DMV Director urges residents to obtain REAL IDs

COLUMBIA – With the deadline a little more than a year away, South Carolina residents should not wait to get their REAL IDs.

That’s the message from Kevin Shwedo, executive director of the S.C. Department of Motor Vehicles.

Shwedo has been making the rounds in 2019, a year before a critical REAL ID deadline arrives Oct. 20, 2020.

At meetings around the state, Shwedo tells folks that their local DMV could quickly fill up with procrastinators seeking REAL IDs

“The idea is to get your REAL ID as rapidly as possible so that you don’t have to wait in line for six hours,” he said. “If the line is six hours [in Columbia], guess where they’re coming? To your DMV.”

Adopted in 2005, the federal REAL ID law “set standards for the issuance of sources of identification, such as driver’s licenses,” according to the U.S. Department of Homeland Security. IDs can be identified by a gold star in the top of the card.

Passed in the wake of the 9/11 terror attacks, REAL IDs are not mandatory for all citizens. They aren’t required to drive a car or vote in elections.

But they will be required to board airplanes, to enter military bases and certain federal buildings, such as federal courthouses.

U.S. passports or military IDs will also allow a person to board flights, though driver’s licenses remain the most common form of ID most people carry. That’s why Shwedo says he’s worried so few South Carolinians have upgraded to a REAL ID.

Shwedo implored people to update their ID card now. He outlined various hypothetical scenarios where delaying could cause major headaches.

“If you have a death in the family and you have to go to Tacoma, Washington on Sept. 30, 2020, you’ll get on a plane and make it out there,” Shwedo said. “But if you don’t have a passport, a military ID or a REAL ID, you’re going to be hitchhiking your way back. It is just that serious.”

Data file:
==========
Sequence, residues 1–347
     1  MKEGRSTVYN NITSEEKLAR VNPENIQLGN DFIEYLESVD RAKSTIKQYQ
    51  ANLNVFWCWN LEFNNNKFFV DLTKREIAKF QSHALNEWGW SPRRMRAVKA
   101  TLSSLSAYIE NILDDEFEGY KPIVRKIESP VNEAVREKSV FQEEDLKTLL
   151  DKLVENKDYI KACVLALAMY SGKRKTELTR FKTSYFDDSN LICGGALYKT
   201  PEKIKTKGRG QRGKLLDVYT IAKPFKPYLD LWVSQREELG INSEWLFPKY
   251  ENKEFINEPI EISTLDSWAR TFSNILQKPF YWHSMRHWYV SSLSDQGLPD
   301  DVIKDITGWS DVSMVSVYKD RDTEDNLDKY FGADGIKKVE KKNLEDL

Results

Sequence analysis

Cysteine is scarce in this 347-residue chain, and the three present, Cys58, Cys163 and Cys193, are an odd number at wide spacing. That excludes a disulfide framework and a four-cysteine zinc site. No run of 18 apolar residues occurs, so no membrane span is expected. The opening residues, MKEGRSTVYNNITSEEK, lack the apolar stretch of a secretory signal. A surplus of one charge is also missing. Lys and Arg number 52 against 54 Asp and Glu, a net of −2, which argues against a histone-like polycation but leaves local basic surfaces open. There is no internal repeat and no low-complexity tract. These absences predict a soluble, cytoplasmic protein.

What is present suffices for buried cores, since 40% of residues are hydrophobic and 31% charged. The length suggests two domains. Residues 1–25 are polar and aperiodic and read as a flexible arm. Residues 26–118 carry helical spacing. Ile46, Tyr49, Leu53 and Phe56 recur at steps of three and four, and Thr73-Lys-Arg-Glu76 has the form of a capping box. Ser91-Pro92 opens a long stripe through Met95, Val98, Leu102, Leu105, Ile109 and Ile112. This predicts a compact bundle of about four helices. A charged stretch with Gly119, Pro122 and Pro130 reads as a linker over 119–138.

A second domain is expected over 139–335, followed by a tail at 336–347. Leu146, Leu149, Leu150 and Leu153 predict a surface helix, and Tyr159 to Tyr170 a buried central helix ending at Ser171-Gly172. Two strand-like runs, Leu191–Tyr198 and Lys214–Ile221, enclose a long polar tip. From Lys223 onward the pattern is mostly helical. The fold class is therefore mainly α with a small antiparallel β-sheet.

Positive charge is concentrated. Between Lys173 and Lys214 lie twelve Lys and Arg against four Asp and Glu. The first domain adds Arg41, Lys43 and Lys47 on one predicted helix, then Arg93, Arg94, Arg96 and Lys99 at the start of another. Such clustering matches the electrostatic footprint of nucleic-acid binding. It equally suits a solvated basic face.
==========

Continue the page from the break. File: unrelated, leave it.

Shwedo said another reason for acting now is the sheer volume of documentation required to obtain a REAL ID.

Persons are required to bring proof of identity, proof of Social Security number, two proofs of a current physical South Carolina address and proof of all legal name changes, if applicable.

It’s the fourth requirement that Shwedo said could be problematic, especially for women.

Calling REAL ID a “sexist law,” he noted that women who’ve divorced and remarried must provide proof of every past and present name change when applying for a REAL ID. Widowers who’ve changed their names face similar dilemmas, he said.

There is an alternative. Shwedo said the DMV can accept valid passports as the final name for women choosing that option.

“If you don’t do it, you’re going to have to make multiple trips to the DMV,” Shwedo said. “I don’t want to see you in the DMV any more than you have to be there.”

Many South Carolina residents can avoid long DMV lines and order a REAL ID online. Shwedo said this applies to anyone who obtained a driver’s license for the very first time after November 2010.

“I’ve got everything that I need from you,” he said. “I’ve got a million people that fall into that category.”

The state DMV website can be accessed at

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